Do you have an update on when multiplayer will come to the Xbox One version of Stardew Valley? Can iOS or Android players expect multiplayer in the future?
I’m doing everything in my power to see the Xbox update released as soon as possible. I don’t personally do the console ports, but from what I’ve gathered, every console has different tech and different requirements to meet, and getting this 1.3 version on Xbox has proved to be especially challenging. That being said, the update is very close to being ready… the core multiplayer functionality is entirely operational, but the update has been failing certification due to problems with peripheral (but still important) features like friend invites and voice chat. Getting these things just right in order to pass certification has proved difficult for technical reasons that are specific to Stardew Valley and the Xbox. Despite the technical hurdles, there is progress being made and I’m confident that the update will be ready very soon.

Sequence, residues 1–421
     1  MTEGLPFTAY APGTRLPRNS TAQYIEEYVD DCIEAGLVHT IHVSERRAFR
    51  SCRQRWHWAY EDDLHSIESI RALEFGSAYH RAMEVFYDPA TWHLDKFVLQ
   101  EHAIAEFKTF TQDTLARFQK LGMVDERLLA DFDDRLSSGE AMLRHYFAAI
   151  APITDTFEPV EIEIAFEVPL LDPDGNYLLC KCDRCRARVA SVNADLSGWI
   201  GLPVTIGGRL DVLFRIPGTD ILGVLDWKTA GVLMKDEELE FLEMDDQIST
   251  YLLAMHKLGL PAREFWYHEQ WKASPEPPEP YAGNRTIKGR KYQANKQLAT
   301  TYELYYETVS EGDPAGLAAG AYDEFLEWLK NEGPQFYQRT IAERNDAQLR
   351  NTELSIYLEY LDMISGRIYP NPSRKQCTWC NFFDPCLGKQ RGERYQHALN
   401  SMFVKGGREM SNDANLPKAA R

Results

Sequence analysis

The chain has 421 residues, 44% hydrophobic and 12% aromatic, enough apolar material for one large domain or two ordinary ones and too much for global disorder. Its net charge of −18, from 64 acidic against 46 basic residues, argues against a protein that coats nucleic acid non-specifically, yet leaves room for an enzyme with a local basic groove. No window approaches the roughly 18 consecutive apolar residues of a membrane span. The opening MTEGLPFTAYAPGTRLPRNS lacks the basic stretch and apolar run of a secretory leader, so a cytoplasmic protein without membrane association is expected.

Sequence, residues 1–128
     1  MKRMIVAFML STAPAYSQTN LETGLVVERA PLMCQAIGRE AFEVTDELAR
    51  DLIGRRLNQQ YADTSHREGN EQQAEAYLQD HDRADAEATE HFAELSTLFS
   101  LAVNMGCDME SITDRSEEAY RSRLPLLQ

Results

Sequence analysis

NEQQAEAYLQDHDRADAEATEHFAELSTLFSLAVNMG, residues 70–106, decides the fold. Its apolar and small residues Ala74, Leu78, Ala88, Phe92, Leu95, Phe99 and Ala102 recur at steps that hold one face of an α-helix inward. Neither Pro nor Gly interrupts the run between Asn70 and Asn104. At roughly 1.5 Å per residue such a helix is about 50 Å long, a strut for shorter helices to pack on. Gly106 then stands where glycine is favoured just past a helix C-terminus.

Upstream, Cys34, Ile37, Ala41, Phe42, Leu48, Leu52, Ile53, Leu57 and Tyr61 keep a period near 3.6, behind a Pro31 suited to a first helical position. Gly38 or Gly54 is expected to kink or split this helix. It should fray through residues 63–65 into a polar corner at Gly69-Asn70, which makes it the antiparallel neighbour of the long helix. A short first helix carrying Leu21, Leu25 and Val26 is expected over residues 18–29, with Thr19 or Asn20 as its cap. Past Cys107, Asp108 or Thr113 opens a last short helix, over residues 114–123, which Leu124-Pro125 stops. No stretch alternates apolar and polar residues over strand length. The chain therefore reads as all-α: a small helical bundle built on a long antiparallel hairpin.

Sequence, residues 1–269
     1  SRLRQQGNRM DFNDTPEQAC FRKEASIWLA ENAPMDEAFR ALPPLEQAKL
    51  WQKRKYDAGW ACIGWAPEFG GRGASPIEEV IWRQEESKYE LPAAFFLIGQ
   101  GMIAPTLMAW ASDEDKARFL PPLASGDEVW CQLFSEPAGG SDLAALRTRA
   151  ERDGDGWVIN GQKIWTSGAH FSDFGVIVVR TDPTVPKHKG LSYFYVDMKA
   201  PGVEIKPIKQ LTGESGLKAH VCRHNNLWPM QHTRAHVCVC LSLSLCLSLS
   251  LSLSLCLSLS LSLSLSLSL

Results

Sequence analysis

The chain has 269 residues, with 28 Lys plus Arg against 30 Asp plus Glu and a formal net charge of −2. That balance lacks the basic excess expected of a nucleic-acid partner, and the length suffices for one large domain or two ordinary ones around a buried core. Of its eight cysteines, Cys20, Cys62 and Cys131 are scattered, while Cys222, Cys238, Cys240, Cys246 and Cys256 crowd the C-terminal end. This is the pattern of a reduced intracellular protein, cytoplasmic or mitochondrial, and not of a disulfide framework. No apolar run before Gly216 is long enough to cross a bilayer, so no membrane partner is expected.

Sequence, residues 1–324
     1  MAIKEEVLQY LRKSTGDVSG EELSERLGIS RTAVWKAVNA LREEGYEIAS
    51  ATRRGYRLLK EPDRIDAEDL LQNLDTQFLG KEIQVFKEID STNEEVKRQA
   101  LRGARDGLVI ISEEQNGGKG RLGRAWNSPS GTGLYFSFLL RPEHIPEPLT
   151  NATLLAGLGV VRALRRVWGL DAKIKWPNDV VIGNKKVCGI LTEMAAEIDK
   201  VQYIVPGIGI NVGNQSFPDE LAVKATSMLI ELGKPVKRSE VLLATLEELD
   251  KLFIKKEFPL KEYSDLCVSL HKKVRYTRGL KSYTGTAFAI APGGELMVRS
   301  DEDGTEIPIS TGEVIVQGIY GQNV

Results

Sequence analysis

As to mobile multiplayer, there’s still currently no guarantee that it will happen… it may end up being possible, but I’m not comfortable saying “yes, it will happen” at this stage. However, I think I can speak for everyone involved in the mobile port in saying that we’d love to see the feature come to mobile eventually.
Do you hope to self-publish future games? If so, can you share any thoughts you have on how you’ll balance the roles of developer and publisher?
Yes, I will likely self-publish future games. One thing that will help make self-publishing easier for me in the future is that I’m not really big on marketing. My hope is to continue making games that are compelling enough to market themselves by word of mouth. So, with that approach, my time will be mostly spent on development.
For more on Stardew Valley, check out USG’s guides section and read Nadia Oxford’s examination of how Stardew Valley became the most downloaded Nintendo Switch game of 2017.